What we get instead of an adaptation of the Marquis' work is a typical erotic Eurotrash film: long on atmosphere and nudity, short on plot. As the director of nearly 200 films, Franco learned how to place a camera and light a scene effectively. He'll probably never be considered an auteur like Hitchcock or Scorcese, but his films can be very distinctive. Prior to this film, I haven't liked his use of outdoor shots as they seemed generic and thrown in to pad the running time. In Eugenie, the house nestled on the edge of a lake, with its barren tress, is a wonderful mirror for the barren relationship between Eugenie and her father. It also helps that Franco photographs it beautifully. Keeping with his habit of featuring a nightclub performance, this film sets a key scene in a cabaret, offering yet another opportunity for female nudity and off-kilter lighting.
Franco also succeeds within the film as the character Attila. He looks like the sort of man who should be standing outside a porno theater in a raincoat, which gives his intellectual interest in Eugenie and Albert a perverse twist. Furthermore, while he seems to be toying with them early in the film, when things to go wrong and he must listen to Eugenie's confession he takes on an un-perverse paternal aspect. In contrast, Paul Muller never seems paternalistic. Instead, he gives off the perfect air of a corrupt and decadent intellectual, perhaps the most Sadian element in the film. He plays the role with an oddly detached passion, his desire for Eugenie evident but controlled by his intellectual nature. This leaves Soledad Miranda as Eugenie. I don't find her as bewitching as some, but there is definitely something enigmatic about her performance. It's neither stylized nor naturalistic, but as Franco describes it, "intuitive." I certainly found her more watchable here than I did in Vampyros Lesbos.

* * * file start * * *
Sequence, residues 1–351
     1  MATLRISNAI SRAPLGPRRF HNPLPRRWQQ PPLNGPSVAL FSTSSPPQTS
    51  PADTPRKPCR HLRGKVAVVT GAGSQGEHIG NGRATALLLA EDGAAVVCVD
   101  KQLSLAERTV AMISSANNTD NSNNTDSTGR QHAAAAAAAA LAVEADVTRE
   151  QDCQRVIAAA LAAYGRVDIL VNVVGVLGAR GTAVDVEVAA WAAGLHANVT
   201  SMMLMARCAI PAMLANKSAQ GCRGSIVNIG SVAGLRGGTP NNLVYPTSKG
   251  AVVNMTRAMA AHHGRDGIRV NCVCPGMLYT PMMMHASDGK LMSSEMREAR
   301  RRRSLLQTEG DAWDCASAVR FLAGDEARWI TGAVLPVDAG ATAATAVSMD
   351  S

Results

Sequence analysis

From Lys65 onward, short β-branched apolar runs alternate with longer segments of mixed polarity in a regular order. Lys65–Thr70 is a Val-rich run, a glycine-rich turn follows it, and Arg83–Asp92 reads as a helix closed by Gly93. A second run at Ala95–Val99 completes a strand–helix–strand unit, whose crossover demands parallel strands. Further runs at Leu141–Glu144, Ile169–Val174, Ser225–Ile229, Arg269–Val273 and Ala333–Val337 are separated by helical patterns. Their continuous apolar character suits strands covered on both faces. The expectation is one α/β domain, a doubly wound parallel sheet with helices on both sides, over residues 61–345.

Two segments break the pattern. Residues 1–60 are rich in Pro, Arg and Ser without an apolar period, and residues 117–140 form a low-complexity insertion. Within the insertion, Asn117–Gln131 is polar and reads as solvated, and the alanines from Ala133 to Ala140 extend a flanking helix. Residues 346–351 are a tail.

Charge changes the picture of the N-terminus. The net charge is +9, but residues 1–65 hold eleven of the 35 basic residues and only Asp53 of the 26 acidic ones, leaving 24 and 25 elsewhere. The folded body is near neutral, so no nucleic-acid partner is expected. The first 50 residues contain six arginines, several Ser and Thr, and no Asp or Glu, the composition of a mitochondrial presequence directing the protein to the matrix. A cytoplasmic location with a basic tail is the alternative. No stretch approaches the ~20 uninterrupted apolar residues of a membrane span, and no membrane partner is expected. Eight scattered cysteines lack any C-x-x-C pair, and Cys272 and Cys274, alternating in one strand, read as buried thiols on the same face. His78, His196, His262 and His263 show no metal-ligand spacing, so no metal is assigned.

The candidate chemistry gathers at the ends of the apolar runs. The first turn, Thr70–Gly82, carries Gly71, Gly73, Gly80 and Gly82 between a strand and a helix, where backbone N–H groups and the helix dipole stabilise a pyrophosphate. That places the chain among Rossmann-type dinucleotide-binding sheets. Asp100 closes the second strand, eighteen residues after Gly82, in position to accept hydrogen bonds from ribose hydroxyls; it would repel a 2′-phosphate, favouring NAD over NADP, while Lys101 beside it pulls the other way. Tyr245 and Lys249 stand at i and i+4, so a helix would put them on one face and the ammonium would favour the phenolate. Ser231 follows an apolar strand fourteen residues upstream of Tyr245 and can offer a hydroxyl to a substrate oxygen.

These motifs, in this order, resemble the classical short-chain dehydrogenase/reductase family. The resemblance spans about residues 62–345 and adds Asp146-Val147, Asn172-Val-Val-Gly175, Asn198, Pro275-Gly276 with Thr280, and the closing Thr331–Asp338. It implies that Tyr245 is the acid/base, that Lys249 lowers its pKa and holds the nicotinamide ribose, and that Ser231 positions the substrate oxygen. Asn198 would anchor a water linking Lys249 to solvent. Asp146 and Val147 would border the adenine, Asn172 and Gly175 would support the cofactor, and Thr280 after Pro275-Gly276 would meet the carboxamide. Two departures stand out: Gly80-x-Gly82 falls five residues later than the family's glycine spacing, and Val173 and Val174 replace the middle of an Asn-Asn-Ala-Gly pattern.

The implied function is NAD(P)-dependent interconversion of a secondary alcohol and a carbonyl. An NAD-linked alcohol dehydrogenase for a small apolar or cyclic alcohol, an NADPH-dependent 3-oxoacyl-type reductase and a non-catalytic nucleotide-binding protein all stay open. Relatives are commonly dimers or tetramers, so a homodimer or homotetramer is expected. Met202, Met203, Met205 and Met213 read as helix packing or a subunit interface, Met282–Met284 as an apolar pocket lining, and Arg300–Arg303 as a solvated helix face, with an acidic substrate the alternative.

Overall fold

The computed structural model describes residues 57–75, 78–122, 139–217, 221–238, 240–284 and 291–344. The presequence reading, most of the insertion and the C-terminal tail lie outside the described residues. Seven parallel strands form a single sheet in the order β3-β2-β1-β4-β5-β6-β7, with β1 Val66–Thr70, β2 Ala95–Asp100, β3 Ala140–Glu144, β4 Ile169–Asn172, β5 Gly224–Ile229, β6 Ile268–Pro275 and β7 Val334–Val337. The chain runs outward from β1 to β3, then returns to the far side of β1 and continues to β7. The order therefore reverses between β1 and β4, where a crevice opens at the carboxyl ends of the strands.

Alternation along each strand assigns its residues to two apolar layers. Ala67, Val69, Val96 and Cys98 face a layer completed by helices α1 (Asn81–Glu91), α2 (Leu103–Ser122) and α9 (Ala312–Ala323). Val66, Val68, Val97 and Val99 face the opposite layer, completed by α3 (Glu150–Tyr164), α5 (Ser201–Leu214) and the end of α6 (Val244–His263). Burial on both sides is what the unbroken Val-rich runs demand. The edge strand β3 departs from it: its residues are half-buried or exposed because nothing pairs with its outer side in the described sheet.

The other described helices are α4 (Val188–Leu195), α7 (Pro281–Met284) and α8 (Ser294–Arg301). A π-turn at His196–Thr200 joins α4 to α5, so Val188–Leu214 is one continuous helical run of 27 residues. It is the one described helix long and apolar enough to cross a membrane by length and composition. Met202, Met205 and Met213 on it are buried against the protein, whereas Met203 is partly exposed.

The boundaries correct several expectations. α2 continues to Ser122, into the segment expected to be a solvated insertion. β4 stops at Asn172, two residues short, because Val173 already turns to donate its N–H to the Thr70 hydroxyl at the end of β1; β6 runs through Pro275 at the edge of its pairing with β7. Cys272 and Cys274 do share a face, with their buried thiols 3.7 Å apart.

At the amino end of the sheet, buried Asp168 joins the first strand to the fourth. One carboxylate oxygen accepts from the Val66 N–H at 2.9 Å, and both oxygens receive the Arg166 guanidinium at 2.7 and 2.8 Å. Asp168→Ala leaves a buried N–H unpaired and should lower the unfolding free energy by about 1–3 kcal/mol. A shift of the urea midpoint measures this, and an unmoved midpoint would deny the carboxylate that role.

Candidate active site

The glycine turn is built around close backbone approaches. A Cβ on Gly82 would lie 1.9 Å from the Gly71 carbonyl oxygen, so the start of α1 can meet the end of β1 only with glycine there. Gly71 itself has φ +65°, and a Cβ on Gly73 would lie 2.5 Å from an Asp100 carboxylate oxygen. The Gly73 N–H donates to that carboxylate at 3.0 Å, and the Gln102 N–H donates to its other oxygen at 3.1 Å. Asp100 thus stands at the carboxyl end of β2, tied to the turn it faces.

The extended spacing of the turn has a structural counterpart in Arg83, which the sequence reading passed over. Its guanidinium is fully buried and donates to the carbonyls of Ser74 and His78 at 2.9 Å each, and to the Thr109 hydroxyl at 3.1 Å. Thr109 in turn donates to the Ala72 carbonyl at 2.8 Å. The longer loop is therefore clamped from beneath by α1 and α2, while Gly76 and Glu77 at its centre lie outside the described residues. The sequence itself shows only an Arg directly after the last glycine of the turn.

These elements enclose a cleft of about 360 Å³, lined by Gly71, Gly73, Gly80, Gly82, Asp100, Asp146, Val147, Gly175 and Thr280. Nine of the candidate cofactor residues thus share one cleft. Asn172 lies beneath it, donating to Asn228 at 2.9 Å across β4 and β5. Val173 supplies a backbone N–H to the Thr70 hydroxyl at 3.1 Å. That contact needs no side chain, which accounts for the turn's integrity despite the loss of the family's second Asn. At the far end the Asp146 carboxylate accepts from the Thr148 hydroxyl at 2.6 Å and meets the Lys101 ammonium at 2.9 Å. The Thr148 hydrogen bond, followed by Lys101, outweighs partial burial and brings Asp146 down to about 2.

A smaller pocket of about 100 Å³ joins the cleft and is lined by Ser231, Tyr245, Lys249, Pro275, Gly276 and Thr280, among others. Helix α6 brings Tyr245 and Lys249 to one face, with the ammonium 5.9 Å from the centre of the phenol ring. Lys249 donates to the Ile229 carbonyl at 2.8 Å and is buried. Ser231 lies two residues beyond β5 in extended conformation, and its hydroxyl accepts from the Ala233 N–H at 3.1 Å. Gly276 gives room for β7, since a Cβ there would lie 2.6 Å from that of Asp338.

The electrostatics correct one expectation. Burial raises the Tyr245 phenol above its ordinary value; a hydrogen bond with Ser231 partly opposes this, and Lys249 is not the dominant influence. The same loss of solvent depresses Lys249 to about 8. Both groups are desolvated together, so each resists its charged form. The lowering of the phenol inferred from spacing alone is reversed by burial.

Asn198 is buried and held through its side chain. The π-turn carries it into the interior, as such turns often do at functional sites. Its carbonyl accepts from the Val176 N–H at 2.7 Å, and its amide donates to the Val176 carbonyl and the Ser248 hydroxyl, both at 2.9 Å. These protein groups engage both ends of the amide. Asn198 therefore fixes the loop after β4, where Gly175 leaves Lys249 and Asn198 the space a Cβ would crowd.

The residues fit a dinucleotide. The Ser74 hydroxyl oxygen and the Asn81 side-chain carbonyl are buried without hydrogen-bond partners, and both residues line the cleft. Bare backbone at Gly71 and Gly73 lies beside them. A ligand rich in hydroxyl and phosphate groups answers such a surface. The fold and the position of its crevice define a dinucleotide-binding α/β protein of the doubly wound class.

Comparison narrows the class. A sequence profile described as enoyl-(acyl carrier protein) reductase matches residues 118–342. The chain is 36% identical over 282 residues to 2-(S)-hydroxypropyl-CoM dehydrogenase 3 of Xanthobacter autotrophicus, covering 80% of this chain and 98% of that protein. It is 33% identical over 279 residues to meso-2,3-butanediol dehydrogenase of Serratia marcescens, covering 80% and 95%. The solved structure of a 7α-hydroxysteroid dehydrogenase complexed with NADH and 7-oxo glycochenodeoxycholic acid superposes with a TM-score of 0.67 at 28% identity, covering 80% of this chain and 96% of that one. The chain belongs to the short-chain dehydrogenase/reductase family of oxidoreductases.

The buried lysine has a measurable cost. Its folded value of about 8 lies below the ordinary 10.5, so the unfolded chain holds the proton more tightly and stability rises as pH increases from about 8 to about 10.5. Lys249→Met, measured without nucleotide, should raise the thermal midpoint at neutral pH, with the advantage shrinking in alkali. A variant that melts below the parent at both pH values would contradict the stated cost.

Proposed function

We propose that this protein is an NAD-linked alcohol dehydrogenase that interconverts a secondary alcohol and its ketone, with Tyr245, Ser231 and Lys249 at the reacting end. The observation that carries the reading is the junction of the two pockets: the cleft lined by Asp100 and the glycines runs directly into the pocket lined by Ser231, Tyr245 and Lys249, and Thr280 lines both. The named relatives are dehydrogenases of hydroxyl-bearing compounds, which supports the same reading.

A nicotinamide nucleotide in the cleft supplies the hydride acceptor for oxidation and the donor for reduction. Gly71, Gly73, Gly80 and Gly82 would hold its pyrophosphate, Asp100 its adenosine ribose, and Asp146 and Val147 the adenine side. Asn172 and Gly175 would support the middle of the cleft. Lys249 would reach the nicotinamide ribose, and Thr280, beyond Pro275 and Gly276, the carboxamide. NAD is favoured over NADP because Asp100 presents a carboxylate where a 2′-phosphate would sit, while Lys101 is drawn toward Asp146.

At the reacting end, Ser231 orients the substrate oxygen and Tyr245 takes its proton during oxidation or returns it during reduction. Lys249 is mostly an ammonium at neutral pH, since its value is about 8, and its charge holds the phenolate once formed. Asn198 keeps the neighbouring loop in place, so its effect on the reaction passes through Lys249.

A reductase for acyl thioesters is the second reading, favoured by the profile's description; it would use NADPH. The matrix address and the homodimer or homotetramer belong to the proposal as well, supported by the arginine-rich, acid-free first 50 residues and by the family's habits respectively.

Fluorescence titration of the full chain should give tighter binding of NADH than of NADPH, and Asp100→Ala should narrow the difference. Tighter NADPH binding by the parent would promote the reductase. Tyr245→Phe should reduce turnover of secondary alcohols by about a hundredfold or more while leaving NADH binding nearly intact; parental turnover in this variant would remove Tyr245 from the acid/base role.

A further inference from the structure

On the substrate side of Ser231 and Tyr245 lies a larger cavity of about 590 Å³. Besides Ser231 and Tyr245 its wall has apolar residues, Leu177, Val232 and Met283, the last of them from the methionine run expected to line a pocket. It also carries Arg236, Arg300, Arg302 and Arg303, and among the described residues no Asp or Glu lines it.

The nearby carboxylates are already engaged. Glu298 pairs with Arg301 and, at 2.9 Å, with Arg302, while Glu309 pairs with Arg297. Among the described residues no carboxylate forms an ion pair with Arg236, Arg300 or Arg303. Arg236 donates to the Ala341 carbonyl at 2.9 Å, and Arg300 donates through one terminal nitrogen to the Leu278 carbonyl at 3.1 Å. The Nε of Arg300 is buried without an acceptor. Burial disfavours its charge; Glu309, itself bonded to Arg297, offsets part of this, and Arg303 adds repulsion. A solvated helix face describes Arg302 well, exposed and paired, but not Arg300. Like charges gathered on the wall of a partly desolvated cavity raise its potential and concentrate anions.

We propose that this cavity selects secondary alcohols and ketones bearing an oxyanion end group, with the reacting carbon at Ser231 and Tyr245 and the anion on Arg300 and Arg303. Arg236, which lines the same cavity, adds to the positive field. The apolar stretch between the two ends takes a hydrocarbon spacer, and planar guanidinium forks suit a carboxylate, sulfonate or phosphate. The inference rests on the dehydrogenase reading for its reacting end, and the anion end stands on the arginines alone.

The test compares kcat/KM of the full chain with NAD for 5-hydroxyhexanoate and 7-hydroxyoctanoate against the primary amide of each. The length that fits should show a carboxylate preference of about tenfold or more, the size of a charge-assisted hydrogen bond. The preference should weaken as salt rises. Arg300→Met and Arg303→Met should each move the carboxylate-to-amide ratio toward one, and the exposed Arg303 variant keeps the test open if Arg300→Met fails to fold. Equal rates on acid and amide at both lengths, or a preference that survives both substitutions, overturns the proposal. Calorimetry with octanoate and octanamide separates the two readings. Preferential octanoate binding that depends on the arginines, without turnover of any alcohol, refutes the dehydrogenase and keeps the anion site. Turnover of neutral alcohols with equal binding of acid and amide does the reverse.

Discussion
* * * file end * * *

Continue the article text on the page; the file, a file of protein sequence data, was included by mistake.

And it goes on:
This film looks amazing on DVD. I wouldn't mistake it for being shot yesterday, but the print is remarkably free of damage and dirt. Blue Underground claims it was re-mastered from a recently discovered original negative, and I believe them. The included audio is typical dub work, but it gets the job done with a minimum of distortion. The included trailer is pretty funny, since it gives so much away. The only other extra is a 20-minute interview with Franco, filmed recently. He reminisces about de Sade, censorship, and working with Soledad. It's a treat for fans of Franco.
If you're not into the atmosphere and the nudity, it'll be a tedious 90 minutes. Those looking for lots of plot should go elsewhere.
Eugenie de Sade is a twisted take on the typical Eurotrash formula of exotic women and otherworldly atmosphere. It may not be de Sade, but it's prime Franco. Fans of his erotic works are urged to give this disc a spin. Those new to this era of erotic cinema should probably start with a tamer film like Vamypos Lesbos.
Review content copyright © 2008 Gordon Sullivan; Site layout and review format copyright © 1998 - 2016 HipClick Designs LLC
Scales of Justice
Studio: Blue Underground
* 1.66:1 Non-Anamorphic
* Dolby Digital 2.0 Mono (English)
* Dolby Digital 2.0 Mono (French)
Running Time: 91 Minutes
Release Year: 1970
MPAA Rating: Not Rated
* "Franco de Sade" Interview with Writer/Director Jess Franco
* Theatrical Trailer
* Wikipedia article on the Miller Test